After the formal introductions — the use of their formal name, which I discovered only in Germany, never having bothered to find out — the sales assistants at the florist used a familiar name: ‘Christmas stars’. The potted shrubs at the florist’s, and everywhere else, in hotels, homes, windows, hospitals, offices and educational institutes, looked ordered and sophisticated, rescued from the uncertainty of the natural world. They were in complete contrast to their relatives that I’d met in the Himalayas: Tall and urchin-like. I said the name a few times just to try and fit it with them: Poinsettia. I learnt that there are two ways to pronounce it. One acknowledging the presence of the second ‘i’, the other ignoring it — ‘poinseta’. Why that name?

It owed to the relationship between botany, its history of nomenclature, and colonialism, of course. Named after Joel Roberts Poinsett (1779-1851), America’s first minister to Mexico, it was known before that as ‘Mexican flame flower’ or ‘painted leaf’. It had other names, more idiosyncratic: instead of being called to service for Christmas, the Spanish invoked it for a slightly later season, calling is ‘pascua’, meaning ‘Easter flower’. Poinsett sent cuttings back to South Carolina, where it changed the landscape into what it is today — the red and green Christmas colours.

How the poinsettia came to be associated with Christmas goes back to Mexico as well, to a girl called Maria who, too poor to get gifts, left a bunch of weeds to celebrate the birth of Jesus. Those weeds in the story transformed into what we now call the poinsettia. Not only did it get a new name, it travelled to the other continents, to Germany, with naturalist Humboldt and botanist Bonpland, and to the Himalayas, where I found them, with the colonial botanists of the 19th century. Its appropriation by the Christmas industry wasn’t immediate. The ‘neat’ bracts that we now find covering the unostentatious yellow flowers owes to experiments by scientists, so that there are more than a hundred kinds of the shrub in North America. Its names come from its optics as well as the places and people that were responsible for the new varieties.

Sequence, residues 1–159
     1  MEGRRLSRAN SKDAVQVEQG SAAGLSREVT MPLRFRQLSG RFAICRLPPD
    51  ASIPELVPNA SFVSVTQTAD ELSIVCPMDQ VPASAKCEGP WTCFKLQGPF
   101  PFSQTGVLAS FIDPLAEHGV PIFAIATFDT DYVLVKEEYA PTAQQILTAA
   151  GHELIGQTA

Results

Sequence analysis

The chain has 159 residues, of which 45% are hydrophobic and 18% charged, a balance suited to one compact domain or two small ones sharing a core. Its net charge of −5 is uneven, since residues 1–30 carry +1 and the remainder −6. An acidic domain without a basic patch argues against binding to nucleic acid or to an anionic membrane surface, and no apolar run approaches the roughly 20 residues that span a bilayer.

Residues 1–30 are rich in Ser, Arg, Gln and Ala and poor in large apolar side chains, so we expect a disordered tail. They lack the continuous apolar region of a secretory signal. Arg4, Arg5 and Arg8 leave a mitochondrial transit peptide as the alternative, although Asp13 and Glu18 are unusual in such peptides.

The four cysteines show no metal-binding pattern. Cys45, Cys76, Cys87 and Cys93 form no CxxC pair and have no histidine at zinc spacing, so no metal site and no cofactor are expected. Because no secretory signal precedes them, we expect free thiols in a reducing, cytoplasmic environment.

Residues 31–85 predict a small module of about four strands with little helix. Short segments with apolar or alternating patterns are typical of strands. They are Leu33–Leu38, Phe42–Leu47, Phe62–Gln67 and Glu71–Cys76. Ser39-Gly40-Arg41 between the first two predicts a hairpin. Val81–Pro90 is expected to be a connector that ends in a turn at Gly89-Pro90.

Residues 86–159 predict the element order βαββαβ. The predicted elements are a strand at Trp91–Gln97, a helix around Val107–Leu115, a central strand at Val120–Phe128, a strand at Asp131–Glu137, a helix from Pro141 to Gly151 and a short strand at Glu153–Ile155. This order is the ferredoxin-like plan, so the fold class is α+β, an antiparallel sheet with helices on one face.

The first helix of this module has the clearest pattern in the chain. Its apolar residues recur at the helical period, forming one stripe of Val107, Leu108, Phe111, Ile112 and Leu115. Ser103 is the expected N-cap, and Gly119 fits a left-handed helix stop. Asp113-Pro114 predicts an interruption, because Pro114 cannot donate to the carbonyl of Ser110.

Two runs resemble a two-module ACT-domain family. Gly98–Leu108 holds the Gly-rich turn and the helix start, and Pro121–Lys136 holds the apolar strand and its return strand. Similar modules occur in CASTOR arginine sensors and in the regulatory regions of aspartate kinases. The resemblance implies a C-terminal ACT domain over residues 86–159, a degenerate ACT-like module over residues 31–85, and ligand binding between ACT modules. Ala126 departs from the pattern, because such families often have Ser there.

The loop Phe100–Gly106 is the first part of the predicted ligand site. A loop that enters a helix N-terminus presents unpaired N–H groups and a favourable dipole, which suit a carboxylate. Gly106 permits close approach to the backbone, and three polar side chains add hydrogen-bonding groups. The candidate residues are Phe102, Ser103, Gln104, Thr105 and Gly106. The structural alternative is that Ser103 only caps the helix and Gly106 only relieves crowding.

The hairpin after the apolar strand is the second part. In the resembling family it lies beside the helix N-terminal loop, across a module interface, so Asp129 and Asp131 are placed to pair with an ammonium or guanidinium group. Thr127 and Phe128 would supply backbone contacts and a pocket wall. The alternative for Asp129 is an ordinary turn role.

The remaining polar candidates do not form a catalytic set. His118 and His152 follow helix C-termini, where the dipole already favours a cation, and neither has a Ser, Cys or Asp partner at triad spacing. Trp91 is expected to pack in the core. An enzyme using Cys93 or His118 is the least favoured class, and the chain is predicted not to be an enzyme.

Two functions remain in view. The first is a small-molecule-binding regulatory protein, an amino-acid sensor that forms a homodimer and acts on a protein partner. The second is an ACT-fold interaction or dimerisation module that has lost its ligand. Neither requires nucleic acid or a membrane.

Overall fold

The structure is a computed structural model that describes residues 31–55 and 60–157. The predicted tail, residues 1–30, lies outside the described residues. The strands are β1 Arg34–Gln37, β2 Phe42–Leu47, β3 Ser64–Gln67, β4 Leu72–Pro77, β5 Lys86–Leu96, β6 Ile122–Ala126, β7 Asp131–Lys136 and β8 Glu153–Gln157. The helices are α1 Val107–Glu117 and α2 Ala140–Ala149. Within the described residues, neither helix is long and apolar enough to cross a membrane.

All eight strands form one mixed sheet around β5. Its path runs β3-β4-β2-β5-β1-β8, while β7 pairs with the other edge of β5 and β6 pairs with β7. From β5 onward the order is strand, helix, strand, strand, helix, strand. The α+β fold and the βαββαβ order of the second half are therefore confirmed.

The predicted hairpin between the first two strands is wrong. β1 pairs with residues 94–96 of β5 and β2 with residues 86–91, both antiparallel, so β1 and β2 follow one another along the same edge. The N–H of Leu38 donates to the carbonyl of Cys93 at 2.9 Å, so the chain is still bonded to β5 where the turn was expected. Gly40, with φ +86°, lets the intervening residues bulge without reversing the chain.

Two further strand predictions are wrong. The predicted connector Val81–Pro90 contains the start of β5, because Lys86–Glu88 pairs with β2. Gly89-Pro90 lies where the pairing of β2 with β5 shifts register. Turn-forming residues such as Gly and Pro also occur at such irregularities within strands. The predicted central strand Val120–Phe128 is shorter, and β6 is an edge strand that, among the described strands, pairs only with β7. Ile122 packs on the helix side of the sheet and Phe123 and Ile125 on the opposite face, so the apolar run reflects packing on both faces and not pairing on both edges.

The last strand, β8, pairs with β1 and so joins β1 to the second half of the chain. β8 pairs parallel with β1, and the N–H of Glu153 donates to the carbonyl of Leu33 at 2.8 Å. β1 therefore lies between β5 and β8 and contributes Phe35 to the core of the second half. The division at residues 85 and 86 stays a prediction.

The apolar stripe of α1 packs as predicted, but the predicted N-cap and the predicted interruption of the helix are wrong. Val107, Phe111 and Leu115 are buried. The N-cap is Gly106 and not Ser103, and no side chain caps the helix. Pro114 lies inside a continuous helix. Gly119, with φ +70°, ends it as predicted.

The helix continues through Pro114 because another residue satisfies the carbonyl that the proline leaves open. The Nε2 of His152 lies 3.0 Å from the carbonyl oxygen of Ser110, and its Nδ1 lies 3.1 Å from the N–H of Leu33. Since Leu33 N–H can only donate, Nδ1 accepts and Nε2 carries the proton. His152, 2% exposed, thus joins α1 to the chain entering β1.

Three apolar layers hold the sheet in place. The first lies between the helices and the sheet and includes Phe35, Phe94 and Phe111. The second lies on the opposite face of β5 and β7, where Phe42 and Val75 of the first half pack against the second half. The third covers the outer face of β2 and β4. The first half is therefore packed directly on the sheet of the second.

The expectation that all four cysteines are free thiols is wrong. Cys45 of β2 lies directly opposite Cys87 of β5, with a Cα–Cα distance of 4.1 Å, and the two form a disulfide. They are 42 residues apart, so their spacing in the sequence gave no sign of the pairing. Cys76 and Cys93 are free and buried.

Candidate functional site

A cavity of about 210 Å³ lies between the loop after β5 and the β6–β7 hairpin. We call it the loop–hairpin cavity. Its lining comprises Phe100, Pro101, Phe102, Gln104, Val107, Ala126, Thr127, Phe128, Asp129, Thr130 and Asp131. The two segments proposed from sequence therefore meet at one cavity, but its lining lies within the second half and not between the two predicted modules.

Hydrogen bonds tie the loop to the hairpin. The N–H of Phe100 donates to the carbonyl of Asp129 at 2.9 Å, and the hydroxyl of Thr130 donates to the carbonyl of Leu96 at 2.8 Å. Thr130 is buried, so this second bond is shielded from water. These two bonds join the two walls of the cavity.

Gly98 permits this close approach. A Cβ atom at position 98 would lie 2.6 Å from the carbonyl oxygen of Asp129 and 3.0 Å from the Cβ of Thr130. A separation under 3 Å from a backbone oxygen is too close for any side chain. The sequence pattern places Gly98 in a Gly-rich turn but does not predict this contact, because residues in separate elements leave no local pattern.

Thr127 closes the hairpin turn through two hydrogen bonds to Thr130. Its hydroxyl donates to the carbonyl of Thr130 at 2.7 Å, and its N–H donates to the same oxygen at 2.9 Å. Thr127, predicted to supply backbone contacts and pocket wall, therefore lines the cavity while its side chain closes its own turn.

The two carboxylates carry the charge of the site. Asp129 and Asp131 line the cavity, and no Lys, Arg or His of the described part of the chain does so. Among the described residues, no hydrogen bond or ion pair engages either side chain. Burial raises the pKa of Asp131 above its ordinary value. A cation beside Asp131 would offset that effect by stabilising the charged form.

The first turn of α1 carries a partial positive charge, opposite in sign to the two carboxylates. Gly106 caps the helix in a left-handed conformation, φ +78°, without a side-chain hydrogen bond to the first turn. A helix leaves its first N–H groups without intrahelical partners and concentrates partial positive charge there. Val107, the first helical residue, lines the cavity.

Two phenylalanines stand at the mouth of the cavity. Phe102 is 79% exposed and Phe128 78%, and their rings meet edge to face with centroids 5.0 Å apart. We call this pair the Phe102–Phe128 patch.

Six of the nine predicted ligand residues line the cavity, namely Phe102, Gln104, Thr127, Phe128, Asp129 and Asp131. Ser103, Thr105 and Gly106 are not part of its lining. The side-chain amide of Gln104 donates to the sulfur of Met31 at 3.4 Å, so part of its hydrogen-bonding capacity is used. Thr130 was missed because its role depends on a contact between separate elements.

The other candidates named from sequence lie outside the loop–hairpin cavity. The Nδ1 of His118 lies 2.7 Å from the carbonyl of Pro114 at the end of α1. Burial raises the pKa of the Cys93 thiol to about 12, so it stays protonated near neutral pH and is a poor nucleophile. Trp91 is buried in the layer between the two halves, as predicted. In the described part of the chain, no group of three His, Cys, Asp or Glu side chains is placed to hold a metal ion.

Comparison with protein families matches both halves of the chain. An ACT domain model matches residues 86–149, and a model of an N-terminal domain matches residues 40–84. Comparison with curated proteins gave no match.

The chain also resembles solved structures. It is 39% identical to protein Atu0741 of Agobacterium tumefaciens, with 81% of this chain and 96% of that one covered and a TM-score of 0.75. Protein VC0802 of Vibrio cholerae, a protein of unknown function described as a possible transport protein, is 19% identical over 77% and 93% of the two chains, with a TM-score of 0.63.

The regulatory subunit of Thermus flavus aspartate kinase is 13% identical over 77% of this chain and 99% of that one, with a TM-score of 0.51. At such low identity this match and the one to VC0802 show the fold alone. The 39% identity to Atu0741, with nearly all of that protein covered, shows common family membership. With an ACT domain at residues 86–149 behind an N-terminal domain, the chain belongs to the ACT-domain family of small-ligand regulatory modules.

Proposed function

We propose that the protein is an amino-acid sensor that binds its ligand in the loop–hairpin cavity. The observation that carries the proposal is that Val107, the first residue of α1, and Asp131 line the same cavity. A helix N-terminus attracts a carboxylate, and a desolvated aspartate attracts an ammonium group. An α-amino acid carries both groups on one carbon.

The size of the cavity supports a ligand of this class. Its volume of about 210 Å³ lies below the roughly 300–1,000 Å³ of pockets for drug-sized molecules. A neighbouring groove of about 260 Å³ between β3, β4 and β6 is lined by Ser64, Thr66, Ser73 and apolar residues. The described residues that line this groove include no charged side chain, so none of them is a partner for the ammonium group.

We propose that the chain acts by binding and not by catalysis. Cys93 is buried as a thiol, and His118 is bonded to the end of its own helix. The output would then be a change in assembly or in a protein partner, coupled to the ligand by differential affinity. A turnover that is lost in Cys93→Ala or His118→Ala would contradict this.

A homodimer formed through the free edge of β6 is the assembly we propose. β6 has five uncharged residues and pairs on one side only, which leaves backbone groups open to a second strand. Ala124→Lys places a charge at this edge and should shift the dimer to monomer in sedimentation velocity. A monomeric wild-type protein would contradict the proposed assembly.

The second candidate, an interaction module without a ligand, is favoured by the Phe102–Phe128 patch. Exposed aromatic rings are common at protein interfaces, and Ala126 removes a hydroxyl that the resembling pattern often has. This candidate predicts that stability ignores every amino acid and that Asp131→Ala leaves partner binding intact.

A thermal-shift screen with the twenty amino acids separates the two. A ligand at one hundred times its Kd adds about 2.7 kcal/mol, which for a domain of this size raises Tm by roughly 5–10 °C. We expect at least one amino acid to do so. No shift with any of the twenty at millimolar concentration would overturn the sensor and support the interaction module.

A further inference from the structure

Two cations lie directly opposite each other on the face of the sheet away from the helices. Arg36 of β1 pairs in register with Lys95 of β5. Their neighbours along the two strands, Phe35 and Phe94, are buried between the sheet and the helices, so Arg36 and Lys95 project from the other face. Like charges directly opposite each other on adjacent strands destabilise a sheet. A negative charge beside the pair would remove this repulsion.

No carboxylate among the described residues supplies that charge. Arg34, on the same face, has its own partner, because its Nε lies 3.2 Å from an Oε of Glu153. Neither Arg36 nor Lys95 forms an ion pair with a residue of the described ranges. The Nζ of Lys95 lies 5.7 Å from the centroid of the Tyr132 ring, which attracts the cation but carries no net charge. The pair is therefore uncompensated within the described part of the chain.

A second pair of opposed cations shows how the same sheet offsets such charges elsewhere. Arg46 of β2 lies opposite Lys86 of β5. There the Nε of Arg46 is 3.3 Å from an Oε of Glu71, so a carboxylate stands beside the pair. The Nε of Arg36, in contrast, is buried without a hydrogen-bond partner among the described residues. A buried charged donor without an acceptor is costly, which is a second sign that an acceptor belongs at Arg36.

The Christmas tree and the poinsettia shrub remind us of a history of travel and migration that governments, even those that take oaths on the Bible, choose to forget. Jesus, we know, wasn’t a white man. The coniferous Christmas tree was not a native of the region where Jesus was born. And so with the poinsettia, born in Mexico. Immigrants of worlds conquered by Christians, these species became residents of happy rituals of the most difficult season in the Northern hemisphere. If only we — and our governments and religions — could accept people with the kind of openness we accepted ‘foreign’ plants, our celebrations might be more hearty.

But, then, I forget something. The poinsettia was misrepresented as ‘toxic’ for most of the 20th century, with a US Food and Drug Administration newsletter of 1970 saying that ‘one poinsettia leaf could kill a child’. It was an error, a kind of mischaracterisation that immigrants have had to learn to live with.

Sumana Roy   -  BUSINESS LINE

 

Sumana Roy is the author of How I Became a Tree;

Twitter: @SumanaSiliguri

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Published on December 25, 2020